Saturday, December 04, 2004

What throws up must come down

I have caught the G.I. bug my kids were enduring all week (and to think I thought I'd dodged that bullet). There is nothing like sitting up nauseous, doubled in cramps to make me think back to my pregnancies.

Hyperemesis Gravidarum (literally "elevated vomiting of pregnancy") is morning sickness on steroids. I had it for my first two pregnancies. Each time I lost between 10-15 pounds in my first trimester and was so debilitated by nausea that I was confined to the house for about seven weeks. Before leaving for work each morning my spouse would bring up a cooler with water, gatorade, a banana and some crackers in it. On a good day I could keep down half the banana and some fluids.

The nausea was persistent and intense. It had the baseline depth of sea sickness. Ordinary events -- getting undressed, having a conversation, smelling water boil -- were enough to send me retching to the bathroom. And unlike the vomiting I'm doing tonight, the vomiting of hyperemesis neither relieved the nausea nor ended quickly. Once started, the vomiting seemed to gather momentum with each retch. It could take up to 10 minutes for it truly to abate. I distinctly remember thinking that if someone told me I'd feel that way for the rest of my life I would kill myself. That was the first time I realized the power of hope for keeping people alive.

Atul Gawande wrote an article on the subject in The New Yorker, July 5, 1999 ("A Queasy Feeling: Why We Can't Cure Nausea"). It used a pregnant woman with hyperemesis gravidarum as a case study, thought it also looked at chemotherapy patients and people with inner ear problems. It's an excellent article and Gawande, at that time a medical resident, is a great writer and thoughtful ethicist. His essays are available in his book, Complications: A Surgeon's Notes on an Imperfect Science. But I digress.

Gawande's article said that women do not cite labor pain as a reason to avoid future pregnancies. But women did say that a past experience of intense nausea with pregnancy limited their subsequent number of pregnancies. The condition can become life threatening; some women even abort pregnancies if they are not able to get the condition under control. Thankfully my condition improved right about the time they wanted to begin IV nutrition and I got away with only a trip to the hospital for IV hydration.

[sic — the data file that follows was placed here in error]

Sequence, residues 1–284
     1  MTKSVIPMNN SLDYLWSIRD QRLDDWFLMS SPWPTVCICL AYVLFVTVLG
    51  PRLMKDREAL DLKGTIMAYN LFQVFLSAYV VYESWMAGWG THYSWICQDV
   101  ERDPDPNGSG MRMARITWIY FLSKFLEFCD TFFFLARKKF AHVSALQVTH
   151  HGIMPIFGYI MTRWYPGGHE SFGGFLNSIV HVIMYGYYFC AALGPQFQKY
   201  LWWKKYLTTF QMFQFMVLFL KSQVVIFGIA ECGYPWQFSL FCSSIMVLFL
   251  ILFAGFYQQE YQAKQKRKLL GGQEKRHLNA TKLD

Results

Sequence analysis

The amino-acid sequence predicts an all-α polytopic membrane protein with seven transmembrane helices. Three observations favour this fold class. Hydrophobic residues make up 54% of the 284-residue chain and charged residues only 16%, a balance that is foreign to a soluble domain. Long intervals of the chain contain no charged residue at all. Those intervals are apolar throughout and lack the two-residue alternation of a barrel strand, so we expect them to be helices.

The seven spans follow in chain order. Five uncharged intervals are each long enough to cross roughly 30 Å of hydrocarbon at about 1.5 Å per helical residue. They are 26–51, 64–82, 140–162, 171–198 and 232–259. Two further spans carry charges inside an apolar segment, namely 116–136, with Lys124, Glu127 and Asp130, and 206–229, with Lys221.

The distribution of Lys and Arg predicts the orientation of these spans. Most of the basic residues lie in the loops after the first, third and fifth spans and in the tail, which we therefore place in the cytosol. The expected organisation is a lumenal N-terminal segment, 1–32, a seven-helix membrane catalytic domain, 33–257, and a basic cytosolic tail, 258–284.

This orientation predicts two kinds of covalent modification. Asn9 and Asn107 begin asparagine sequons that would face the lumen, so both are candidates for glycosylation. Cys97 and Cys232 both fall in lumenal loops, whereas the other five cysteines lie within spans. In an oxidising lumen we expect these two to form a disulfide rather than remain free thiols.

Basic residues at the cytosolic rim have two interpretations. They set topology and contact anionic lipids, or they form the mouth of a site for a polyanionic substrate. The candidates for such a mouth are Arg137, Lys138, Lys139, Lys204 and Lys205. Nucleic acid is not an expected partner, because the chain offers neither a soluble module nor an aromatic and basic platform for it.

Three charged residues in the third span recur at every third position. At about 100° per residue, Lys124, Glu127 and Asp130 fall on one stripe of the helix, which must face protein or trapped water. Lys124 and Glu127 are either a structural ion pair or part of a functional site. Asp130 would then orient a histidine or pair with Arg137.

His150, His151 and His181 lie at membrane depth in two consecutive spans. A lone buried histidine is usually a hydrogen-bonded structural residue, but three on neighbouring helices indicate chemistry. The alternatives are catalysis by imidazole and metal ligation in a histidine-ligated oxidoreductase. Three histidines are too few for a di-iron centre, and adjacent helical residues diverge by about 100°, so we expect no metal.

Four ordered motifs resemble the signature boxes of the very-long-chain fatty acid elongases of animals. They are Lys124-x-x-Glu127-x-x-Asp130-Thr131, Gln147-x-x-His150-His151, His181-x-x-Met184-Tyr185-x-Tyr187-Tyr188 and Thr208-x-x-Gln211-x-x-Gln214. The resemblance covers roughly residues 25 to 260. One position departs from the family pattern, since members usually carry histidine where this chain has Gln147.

If you're trying to treat at home, there is a long list of products you can try. These include
Sea Bands (sea sickness wristbands that stimulate pressure points on your wrist)
Ginger (some positive evidence, though I've also read it can trigger miscarriage in the first trimester if high doses are used)
homeopathic symforicarpos or nux vomica
Vitamin B6 (in specific doses -- talk with your care provider)

I had some success in my third pregnancy with acupuncture. Another woman I know got temporary relief when injected with her own urine (it only sounds extreme if you're not faced with unending nausea).

There are drugs that provide relief for many women: phenergyn and Reglan are two I know of. Of course the advisability of taking them during pregnancy, especially the first trimester, is always questionable.

A great on-line resource for women (and families of women) with Hyperemesis Gravidarum is, website of the Hyperemesis Education and Research (or HER) Foundation. I wish it had been around when I was in the throes of my bouts; it was founded in 2000 by a nurse who endured nine months of nausea and vomiting. Bless her soul!

I vowed that if ever I knew of a woman with hyperemesis, I would gladly take in meals for her family so she wouldn't have to cook or smell food or that I would go keep her company if she was home alone, isolated in her misery. Please let me know if you fit this description.

And if you're pregnant and sick while reading this, my deepest sympathies go out to you. Fortunately the end product is usually worth it. And hospital food has never tasted so sweet as the meal after you deliver your baby and that nausea vanishes faster than you can say placenta.


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